Figure 1 shows an example composite wiggle trace plot with source-receiver depth along the x-axis and measurement time along the y-axis. Two records with the shear wave sparker source firing in opposite directions are overlaid at each position. Clear evidence of P-waves (green) and shear waves (red) is shown.
Figure 2a shows the measured (apparent) velocities in red with the modelled actual velocities shown as a dashed black line. Figure 2b shows the resulting modelled travel times as a dashed black line compared with the measured travel times. Arrows indicate the two measurements refracted at the modelled velocity boundary which, if ignored, would give erroneous velocities.
Zetica Rail is fast expanding with ongoing contracts as far afield as Australia, South America and the USA. Our dedicated website has the latest white paper entitled: “Practical applications of GPR surveys for trackbed characterisation in the UK, Ireland, USA and Australia” available for download. Click here to download our flyer on the RASC – Railway Asset Scanning Car. The range of deliverables available from a single survey of track is impressive.
Earlier this year Zetica commenced with a monthly series of short tips on making the most effective use of geophysical techniques to solve underground mapping objectives. We’ve allowed ourselves to slip on the monthly schedule due in part to workload but also a muted response from customers. Is this of any interest? Click here to register your interest or just leave a comment.
If your bosses won’t allow you access to Twitter, why not access in private? You’ll stand out a mile with knowledge of developments and events that may take weeks to emerge through the traditional media (if at all). For followers you’ll be interested to know that Mike Sainsbury is responsible for tweeting on SiteSafe topics, Brian Barrett on general geophysics related themes and Asger Eriksen on rail matters.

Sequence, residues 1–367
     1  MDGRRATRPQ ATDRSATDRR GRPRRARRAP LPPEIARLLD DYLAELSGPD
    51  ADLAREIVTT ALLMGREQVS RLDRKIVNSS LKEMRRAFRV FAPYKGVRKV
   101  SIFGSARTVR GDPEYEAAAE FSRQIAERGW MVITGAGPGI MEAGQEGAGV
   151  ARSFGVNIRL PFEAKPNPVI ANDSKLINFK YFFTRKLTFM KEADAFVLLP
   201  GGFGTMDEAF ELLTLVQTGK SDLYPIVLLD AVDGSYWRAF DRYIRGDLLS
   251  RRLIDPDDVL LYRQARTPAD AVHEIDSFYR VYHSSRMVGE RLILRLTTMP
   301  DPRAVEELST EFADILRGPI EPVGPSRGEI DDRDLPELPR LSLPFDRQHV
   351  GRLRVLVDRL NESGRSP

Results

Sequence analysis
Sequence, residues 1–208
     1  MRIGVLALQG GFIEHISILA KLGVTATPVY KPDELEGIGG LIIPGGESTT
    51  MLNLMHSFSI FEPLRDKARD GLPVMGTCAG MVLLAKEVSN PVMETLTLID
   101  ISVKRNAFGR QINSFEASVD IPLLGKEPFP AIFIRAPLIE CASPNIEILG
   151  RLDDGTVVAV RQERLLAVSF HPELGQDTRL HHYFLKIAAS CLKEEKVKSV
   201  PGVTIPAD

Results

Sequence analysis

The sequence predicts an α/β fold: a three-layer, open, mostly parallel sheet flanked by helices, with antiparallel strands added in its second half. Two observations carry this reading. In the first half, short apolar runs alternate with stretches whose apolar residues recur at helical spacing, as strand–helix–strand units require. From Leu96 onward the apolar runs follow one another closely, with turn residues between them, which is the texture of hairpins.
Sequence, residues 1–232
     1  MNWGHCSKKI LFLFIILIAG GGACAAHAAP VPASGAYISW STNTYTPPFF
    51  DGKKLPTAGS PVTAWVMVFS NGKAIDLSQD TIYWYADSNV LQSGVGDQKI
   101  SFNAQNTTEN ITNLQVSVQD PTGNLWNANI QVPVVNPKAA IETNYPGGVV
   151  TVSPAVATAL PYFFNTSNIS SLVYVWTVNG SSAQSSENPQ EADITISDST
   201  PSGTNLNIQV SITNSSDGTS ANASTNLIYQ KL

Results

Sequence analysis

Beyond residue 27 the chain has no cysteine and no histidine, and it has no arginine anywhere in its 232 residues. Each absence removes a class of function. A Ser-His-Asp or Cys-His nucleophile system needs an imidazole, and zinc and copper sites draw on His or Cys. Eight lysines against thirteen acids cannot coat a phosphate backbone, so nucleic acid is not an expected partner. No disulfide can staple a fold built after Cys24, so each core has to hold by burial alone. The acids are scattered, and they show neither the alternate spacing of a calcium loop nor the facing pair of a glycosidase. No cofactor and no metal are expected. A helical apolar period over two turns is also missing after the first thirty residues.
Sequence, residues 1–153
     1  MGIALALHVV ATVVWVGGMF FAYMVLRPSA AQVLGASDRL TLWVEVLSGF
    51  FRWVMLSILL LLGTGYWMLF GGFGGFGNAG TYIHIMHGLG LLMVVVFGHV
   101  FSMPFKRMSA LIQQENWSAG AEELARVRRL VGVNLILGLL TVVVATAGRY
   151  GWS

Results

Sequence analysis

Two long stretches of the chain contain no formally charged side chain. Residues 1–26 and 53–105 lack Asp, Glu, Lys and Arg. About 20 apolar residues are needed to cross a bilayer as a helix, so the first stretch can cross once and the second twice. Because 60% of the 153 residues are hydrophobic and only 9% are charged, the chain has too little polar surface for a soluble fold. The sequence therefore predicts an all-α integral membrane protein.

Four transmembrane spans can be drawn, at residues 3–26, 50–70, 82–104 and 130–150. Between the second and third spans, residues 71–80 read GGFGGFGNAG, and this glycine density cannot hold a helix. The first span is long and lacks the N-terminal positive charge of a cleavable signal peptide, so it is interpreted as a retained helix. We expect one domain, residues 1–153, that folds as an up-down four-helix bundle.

Some of Mike’s tweet highlights over the past few months include:
- Details of the 500kg WWII UXB we found in Essex are included in this months GeoDrilling. See https://bit.ly/bzgYFf May 27
- One of our teams has been investigating a former #SOE site today. The site was used to develop weapons such as exploding rats during WWII. Jun 21
- A competitors preliminary desk study concluded there may be a risk of UXB on a London site. What a waste of time/money! https://bit.ly/azpv9I Aug 3
- Just reviewed 3 competitors desk studies, all identified sites were not bombed but each recommended extensive #UXB #detection surveys! Why? Aug 24
Selected highlights from Brian’s highly entertaining tweets include:
And if you are keen on rail here are some recent tweets:
- Another ZARR survey completed in Australia - over 3,500 rail radar km's of data safely in the bag with follow-up sites targetted within days. Nov 27
- Read about the deformation to a railway line where it crossed a fault responsible for the Canterbury Earthquake https://bit.ly/9VEZgJ. Nov 3
- https://bit.ly/91D9YC warns that Britain’s railway embankments and cuttings could be susceptible to landslides as a result of climate change. Oct 26
To join check out:
www.twitter.com/zeticaltd (for information on general uses of geophysics to map buried features and monitor structures and related news from across the world)
www.twitter.com/zeticasitesafe (for information on managing the risk of UXO)
www.twitter.com/zeticarail (for news on trackbed maintenance related topics from around the world)
Copyright © 2010
Field Geophysics (4th Edition)
Watch out for the release in January 2011 of the latest edition of this handy, pocket-sized field geophysics guide which has been co-authored by one of our very own.
The Fourth Edition includes comprehensive updates on the use of GPR and GPS and new sections on surface wave seismics and towed array systems. This has become the standard text in this area for use in the field and has been fully revised and updated to incorporate new developments in the field including a focus on quality control of the acquisition of data and basic field interpretation. Additional material will be available soon on the companion website at www.wiley.com/go/milsom/geophysics4e.
Order your copy now from here.